Aleteia logoAleteia logo
Aleteia
Wednesday 21 April |
Saint of the Day: St. Anselm of Canterbury
home iconNews
line break icon

Nuns from Myanmar care for the disabled and educate the young

J-P Mauro - published on 04/12/19

The Sisters of Charity demonstrate what it means to give your whole life to service.

In Myanmar, one of the least developed countries in the world, there is a small congregation of nuns who are giving their all to the community. For decades, the 13 sisters of the Holy Infant Jesus Center for the Disabled and Orphans in Phaya Phyu village have been working hard to demonstrate that being born with a physical or mental disability does not preclude one from living a functional life.

The nuns, who belong to the Sisters of Charity of Saints Bartolomea Capitanio and Vincenza Gerosa congregation, offer a range of services from food and physiotherapy to providing a formal education to the local orphans and children of poor families. They currently care for 198 people from various religions and ethnic backgrounds. In addition to orphans and young children, the sisters serve those with disabilities and illnesses ranging from hearing and vision impairment to polio and epilepsy.

The Sisters of Charity of Saints Bartolomea Capitanio and Vincenza Gerosa congregation was founded in the 1830s, and reached the shores of Myanmar nearly a century ago. The greater congregation has swollen to 196 nuns, serving in six dioceses. Some of their missions include elderly living facilities, leper colonies, boarding schools, and orphanages.

The Sisters of Charity identify the greatest need in their respective communities. In Myanmar, this means a focus on the disabled, who are not offered the same level of assistance they are in the Western world. These 13 nuns offer invaluable charity to their people, but they also rely on donations themselves. They accept everything from cash and food to oil and other necessities. Thankfully, they also receive some help from the Ministry of Social Welfare, Relief and Resettlement, and from Myanmar’s Vice President Henry Van Thio.

Sister Natalina Misa, who runs the center, told UCA News:

“Most of the donors in Myanmar are Buddhists and some are Chinese. We also have some sponsors from Thailand and a Buddhist monk from Japan.”

Sister Misa said that feeding all their students and patients creates a monthly food bill of 6 million kyat ($4,000). The nuns use what little free time they have to lighten the financial burden by farming corn, peanuts, beans, cucumbers, gourds and pumpkins. They also raise pigs and chickens.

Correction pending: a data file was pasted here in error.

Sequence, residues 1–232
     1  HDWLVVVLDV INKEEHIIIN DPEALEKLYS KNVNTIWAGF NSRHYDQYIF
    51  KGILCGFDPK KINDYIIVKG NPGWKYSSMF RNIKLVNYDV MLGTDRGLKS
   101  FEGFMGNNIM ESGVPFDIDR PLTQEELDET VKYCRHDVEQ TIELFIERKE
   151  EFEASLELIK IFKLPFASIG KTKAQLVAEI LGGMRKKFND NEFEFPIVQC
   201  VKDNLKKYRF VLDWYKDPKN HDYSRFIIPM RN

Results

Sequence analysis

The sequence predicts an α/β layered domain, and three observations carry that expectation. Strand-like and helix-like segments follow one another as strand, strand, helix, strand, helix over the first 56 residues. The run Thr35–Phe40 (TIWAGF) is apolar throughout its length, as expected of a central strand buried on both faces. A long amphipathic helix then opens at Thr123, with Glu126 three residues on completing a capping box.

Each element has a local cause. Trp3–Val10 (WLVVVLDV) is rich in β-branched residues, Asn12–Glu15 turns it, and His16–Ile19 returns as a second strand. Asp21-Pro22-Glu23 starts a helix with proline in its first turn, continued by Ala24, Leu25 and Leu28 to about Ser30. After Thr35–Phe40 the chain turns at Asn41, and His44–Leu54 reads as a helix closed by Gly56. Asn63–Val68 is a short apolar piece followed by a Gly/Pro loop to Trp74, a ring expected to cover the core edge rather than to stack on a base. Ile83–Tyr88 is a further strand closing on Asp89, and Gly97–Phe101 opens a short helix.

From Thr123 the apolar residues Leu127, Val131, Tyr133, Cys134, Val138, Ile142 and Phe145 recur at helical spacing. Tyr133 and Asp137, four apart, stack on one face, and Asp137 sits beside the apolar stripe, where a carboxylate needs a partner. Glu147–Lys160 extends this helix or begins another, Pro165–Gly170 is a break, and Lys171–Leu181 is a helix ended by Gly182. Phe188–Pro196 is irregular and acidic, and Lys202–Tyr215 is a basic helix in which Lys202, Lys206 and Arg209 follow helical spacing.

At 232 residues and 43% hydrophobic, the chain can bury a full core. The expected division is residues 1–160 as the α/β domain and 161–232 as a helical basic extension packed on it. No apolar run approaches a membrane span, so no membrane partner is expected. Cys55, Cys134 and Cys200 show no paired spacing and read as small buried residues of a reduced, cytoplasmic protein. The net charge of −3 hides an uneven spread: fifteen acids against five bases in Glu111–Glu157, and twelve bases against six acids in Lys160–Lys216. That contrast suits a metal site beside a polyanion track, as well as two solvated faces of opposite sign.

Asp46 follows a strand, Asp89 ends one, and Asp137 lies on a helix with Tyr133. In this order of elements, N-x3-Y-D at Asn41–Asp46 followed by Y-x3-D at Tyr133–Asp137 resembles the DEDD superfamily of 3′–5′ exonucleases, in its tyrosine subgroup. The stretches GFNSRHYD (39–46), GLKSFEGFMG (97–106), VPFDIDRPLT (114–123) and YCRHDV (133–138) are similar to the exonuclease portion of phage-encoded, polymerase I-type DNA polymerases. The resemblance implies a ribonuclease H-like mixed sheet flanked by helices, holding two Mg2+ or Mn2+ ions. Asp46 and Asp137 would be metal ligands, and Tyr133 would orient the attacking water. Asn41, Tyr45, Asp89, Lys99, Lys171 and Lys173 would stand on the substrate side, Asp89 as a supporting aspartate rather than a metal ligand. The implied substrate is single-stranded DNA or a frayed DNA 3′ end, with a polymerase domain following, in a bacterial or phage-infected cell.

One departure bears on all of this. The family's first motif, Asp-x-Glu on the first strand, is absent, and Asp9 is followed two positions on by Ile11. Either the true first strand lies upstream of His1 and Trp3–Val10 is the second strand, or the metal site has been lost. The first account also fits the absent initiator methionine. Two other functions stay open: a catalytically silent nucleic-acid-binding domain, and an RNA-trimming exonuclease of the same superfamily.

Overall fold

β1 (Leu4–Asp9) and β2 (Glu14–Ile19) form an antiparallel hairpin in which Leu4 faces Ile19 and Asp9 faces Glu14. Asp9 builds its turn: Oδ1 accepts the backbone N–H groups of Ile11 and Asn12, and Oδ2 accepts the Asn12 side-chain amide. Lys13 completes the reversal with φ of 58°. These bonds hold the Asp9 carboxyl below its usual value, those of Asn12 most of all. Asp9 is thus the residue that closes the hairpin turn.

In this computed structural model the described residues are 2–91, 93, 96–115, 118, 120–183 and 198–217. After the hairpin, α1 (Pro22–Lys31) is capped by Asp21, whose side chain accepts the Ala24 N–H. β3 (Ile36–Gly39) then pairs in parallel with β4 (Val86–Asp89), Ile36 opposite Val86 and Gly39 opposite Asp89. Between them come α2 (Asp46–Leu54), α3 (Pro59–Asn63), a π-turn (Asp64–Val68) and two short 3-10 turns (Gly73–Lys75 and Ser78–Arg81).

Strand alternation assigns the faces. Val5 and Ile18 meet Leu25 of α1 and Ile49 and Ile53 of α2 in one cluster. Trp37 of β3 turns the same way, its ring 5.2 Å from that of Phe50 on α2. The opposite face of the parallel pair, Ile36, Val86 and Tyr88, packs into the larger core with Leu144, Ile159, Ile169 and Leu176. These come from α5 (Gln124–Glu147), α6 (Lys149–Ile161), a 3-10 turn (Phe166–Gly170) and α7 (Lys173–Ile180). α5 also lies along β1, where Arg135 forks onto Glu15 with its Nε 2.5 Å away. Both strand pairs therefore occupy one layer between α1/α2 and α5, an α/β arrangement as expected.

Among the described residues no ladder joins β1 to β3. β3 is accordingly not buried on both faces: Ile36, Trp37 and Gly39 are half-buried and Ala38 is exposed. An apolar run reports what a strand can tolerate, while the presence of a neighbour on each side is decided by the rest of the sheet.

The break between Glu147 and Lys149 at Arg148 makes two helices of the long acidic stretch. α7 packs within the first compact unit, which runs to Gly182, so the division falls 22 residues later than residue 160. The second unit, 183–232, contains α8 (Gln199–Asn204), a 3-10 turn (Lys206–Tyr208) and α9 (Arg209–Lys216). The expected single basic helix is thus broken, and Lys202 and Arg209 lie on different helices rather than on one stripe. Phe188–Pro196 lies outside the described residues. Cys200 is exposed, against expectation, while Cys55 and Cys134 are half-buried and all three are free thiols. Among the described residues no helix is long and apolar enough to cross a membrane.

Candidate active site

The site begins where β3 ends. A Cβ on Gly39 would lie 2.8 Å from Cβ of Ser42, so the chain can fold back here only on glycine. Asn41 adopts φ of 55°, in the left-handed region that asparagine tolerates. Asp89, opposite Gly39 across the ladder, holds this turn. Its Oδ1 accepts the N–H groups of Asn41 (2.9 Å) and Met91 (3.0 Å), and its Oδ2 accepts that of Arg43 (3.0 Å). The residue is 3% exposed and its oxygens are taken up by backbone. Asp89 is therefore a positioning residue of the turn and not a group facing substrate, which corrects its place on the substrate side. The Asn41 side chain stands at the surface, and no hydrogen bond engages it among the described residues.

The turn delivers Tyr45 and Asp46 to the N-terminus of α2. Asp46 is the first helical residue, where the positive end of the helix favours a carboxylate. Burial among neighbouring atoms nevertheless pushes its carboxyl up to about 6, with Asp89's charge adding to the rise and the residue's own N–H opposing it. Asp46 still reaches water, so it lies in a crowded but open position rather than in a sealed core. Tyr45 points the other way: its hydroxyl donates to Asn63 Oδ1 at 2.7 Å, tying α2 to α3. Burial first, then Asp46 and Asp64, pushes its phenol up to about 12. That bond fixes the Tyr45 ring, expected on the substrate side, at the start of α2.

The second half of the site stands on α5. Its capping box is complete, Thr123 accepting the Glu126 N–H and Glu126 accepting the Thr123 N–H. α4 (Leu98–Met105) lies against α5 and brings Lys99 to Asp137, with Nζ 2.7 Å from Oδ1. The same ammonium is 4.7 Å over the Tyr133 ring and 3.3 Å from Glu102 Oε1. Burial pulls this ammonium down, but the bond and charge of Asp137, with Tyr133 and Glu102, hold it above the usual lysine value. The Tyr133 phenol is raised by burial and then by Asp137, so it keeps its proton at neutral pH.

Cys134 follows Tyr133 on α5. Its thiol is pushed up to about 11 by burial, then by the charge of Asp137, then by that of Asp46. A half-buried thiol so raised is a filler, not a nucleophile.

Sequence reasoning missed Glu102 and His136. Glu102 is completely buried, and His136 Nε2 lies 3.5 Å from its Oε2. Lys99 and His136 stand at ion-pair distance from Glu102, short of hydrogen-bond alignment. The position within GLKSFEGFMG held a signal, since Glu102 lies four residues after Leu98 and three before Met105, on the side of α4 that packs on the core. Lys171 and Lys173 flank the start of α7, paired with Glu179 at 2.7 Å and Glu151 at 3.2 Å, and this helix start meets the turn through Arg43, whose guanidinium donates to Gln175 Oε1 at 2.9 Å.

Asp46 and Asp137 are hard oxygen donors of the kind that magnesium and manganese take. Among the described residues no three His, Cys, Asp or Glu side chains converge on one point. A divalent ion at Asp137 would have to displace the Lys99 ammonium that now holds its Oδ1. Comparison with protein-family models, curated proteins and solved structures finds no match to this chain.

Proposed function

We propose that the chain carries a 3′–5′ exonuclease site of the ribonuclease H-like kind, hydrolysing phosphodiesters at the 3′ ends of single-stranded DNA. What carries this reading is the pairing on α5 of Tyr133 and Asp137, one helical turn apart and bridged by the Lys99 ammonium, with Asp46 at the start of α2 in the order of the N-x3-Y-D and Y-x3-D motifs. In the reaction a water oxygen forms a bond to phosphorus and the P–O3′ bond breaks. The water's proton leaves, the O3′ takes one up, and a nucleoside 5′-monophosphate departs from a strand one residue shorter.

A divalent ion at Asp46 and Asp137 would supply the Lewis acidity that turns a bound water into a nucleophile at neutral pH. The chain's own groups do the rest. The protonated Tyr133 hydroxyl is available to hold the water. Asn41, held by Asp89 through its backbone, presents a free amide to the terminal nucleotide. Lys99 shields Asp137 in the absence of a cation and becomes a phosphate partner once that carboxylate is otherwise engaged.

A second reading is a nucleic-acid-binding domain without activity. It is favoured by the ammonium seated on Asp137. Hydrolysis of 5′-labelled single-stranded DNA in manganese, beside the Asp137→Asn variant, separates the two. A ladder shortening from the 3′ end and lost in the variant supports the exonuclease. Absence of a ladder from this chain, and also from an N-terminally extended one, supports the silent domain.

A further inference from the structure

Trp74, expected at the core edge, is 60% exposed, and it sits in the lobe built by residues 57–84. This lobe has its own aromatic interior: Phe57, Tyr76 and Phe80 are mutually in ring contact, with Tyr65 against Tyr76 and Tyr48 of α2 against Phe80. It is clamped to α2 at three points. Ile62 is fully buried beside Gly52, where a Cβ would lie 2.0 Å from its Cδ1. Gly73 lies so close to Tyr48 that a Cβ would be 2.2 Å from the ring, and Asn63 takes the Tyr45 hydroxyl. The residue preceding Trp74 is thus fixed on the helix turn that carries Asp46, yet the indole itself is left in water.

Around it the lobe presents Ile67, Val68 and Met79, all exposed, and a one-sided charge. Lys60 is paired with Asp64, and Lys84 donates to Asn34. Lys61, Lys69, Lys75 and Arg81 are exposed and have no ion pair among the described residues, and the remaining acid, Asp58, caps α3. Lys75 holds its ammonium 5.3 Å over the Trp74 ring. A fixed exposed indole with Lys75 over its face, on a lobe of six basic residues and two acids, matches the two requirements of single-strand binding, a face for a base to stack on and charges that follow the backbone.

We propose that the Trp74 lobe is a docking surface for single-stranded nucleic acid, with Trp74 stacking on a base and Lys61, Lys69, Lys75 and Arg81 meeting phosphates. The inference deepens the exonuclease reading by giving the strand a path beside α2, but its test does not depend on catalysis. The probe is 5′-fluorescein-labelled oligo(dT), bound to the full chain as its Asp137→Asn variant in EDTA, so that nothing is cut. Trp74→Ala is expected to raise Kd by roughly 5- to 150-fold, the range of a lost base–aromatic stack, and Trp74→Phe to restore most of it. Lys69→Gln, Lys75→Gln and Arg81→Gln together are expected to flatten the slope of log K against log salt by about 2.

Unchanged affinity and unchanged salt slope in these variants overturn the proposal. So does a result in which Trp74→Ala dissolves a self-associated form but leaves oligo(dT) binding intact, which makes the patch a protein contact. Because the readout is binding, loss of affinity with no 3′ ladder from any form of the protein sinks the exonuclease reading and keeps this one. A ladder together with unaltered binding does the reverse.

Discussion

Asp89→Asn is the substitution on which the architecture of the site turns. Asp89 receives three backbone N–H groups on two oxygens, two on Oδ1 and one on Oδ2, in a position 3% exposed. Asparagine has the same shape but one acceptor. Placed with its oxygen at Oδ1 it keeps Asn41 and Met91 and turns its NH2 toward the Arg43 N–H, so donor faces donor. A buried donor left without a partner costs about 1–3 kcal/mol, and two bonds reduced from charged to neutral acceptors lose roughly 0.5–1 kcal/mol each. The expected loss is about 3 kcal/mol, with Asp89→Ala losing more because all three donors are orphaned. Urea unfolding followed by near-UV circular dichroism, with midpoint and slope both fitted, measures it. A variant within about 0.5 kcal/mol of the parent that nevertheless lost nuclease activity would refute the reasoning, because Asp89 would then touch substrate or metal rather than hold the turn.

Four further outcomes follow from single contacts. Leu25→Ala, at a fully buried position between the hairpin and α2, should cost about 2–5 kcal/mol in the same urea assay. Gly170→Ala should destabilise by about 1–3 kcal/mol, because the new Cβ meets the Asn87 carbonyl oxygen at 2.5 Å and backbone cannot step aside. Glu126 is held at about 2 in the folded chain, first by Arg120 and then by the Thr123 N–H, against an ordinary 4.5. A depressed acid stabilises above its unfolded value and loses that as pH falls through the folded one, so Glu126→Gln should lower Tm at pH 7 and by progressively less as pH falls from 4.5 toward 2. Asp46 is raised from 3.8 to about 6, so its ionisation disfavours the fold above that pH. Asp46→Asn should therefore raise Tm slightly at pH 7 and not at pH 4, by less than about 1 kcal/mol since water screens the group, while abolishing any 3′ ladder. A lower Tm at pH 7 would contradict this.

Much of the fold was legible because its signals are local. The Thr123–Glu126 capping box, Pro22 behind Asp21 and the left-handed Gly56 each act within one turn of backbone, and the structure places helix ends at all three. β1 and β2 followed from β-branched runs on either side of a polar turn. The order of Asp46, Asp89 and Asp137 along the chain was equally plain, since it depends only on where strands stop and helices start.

In 2017 the sisters also opened a health clinic offering free medical treatment to all. They are aided by two professional medical volunteers who visit the clinic twice a month.

They also recently built an “exercise house” to help out with physiotherapy for disabled patients. The facility, as seen in the above video, was built with the help of the independent Italian organization, New Humanity.

Tags:
CharityDisabilities
Support Aleteia!

If you’re reading this article, it’s thanks to the generosity of people like you, who have made Aleteia possible.

Here are some numbers:

  • 20 million users around the world read Aleteia.org every month
  • Aleteia is published every day in seven languages: English, French, Italian, Spanish, Portuguese, Polish, and Slovenian
  • Each month, readers view more than 50 million pages
  • Nearly 4 million people follow Aleteia on social media
  • Each month, we publish 2,450 articles and around 40 videos
  • We have 60 full time staff and approximately 400 collaborators (writers, translators, photographers, etc.)

As you can imagine, these numbers represent a lot of work. We need you.

Support Aleteia with as little as $1. It only takes a minute. Thank you!

Daily prayer
And today we celebrate...




Top 10
1
KIDS,WATERMELON,BEACH
Cerith Gardiner
New study shows that these 2 childhood habits make you a happier ...
2
EUCHARIST
Philip Kosloski
5 Fascinating facts about Jesus in the Eucharist
3
SPANISH FLU
Bret Thoman, OFS
What Padre Pio saw in the Spanish Flu of 1918
4
HEART OF JESUS
Bret Thoman, OFS
“Jesus, you take care of it”: Prayer of a priest Padr...
5
PADRE PIO
Philip Kosloski
Padre Pio’s favorite prayer of petition
6
PRINCE PHILIP
Cerith Gardiner
The lasting lesson from the late Prince Philip
7
Eric Clapton, Luciano Pavarotti, East London Gospel Choir
J-P Mauro
Hear Clapton and Pavarotti sing a prayer to the “Holy Mothe...
See More
Newsletter
Get Aleteia delivered to your inbox. Subscribe here.